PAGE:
2006 May 12
Electric Power Research Institute (EPRI) has narrowed its search to eight sites with maximum potential power from tidal for the province estimated to be 90 megawatts.
EPRI, which is studying tidal power through a joint endeavour in six jurisdictions in Canada and the U.S., has decided to move forward with a more in-depth examination of site data.
The study at this stage involves existing data only. Brenda Fowlie, the province's Energy Minister, said Tuesday it is important to stress that no devices will be placed in the water.
"We are pleased that the study has reached this stage, but it is also important for the fisheries and aquaculture industry, and for those concerned with the environment, to realize that we are a long way from deciding whether a device of any kind would be placed in the water. At this stage we are talking about data analysis only."
The study saw N.B. join forces with Maine, Massachusetts, N.S., the U.S. Department of Energy, the City of San Francisco, Alaska and Washington.
New Brunswick's contribution, including assistance from Business New Brunswick, NB Power, and Atlantica, was $75,000. With all parties contributing, including in-kind services, the global study cost more than $400,000, and information was shared among all partners. New Brunswick was able to leverage expertise for the study at a minimal cost compared to having performed the study alone.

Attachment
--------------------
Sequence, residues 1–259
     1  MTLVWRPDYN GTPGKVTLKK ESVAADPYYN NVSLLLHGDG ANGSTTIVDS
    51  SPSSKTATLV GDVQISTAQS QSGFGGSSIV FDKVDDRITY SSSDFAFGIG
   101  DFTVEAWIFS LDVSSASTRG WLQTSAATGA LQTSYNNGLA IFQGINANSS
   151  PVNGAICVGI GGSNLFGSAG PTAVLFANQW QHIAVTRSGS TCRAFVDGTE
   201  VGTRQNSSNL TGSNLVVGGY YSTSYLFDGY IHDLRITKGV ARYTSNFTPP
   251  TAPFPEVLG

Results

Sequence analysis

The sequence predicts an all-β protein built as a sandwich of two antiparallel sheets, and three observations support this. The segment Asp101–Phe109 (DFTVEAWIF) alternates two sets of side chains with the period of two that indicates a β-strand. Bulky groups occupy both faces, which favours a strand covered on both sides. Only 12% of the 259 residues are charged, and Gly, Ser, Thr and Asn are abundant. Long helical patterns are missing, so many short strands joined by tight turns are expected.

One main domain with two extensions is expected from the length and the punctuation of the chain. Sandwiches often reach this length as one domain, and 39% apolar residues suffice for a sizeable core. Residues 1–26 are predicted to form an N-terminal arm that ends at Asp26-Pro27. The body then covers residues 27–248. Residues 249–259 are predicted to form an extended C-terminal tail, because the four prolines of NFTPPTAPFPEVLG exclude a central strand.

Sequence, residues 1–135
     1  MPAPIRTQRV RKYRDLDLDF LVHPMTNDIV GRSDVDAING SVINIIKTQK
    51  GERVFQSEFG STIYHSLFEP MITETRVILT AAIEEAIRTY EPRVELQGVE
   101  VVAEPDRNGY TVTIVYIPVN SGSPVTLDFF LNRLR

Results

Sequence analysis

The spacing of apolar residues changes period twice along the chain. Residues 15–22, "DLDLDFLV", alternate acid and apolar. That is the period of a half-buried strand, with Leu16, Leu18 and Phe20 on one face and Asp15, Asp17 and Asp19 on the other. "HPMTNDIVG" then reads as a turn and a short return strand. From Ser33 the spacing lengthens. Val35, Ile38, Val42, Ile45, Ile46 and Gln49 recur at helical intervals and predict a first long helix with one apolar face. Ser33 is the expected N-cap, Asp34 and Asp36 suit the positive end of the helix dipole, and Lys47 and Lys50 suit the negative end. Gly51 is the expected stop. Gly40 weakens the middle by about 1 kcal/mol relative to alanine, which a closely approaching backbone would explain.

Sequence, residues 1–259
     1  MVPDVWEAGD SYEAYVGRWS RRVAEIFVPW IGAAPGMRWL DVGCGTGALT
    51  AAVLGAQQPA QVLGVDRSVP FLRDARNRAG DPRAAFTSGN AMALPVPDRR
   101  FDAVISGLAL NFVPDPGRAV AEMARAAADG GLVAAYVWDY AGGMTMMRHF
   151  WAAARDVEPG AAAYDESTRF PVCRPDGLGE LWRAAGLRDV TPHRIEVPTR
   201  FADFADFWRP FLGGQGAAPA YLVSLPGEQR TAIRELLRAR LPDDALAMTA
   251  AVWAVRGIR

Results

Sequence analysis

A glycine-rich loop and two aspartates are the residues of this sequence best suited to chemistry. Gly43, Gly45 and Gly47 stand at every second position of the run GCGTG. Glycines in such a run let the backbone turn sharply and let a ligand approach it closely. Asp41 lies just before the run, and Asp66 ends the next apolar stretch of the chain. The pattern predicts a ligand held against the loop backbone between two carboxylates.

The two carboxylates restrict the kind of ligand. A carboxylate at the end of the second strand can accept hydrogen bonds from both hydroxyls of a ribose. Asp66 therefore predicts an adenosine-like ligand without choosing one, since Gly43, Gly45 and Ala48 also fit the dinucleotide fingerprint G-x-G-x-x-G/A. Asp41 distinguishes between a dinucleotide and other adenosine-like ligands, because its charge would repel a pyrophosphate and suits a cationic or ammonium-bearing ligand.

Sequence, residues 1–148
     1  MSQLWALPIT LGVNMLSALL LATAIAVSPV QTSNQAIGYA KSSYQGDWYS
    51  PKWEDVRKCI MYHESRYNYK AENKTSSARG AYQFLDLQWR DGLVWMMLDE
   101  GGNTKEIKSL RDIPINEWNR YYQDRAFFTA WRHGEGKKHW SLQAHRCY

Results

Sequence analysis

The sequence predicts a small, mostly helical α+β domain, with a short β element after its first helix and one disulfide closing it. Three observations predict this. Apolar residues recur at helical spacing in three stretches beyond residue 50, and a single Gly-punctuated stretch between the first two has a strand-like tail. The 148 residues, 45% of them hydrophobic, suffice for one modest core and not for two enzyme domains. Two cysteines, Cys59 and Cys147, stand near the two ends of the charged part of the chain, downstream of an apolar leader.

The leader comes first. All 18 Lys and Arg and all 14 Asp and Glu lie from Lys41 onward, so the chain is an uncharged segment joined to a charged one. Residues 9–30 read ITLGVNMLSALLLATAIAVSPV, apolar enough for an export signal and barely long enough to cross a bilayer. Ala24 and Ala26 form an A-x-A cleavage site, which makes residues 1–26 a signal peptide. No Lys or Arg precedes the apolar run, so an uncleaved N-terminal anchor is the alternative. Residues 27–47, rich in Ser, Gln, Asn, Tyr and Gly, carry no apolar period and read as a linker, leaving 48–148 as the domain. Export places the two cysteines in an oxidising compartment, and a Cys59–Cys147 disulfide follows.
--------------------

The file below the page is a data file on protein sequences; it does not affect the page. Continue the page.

In New Brunswick, Fowlie said some of the criteria that helped narrow the site choices included having areas that were close to research and development facilities in St. Andrews and Saint John, and close to high-energy-consumption areas as well as transmission connections.
The eight sites identified as areas of interest are Lubec Narrows, Western Passage, Head Harbour Passage, L'Etete Passage, areas of the St. John River, Cape Enrage, Shepody Bay and Cumberland Basin.
EPRI's work is expected to conclude with a preliminary report completed within the next few months.
© 2006 Advocate Media
Article republished on Save Passamaquoddy Bay website with permission.
The Saint Croix Courier, St. Stephen, NB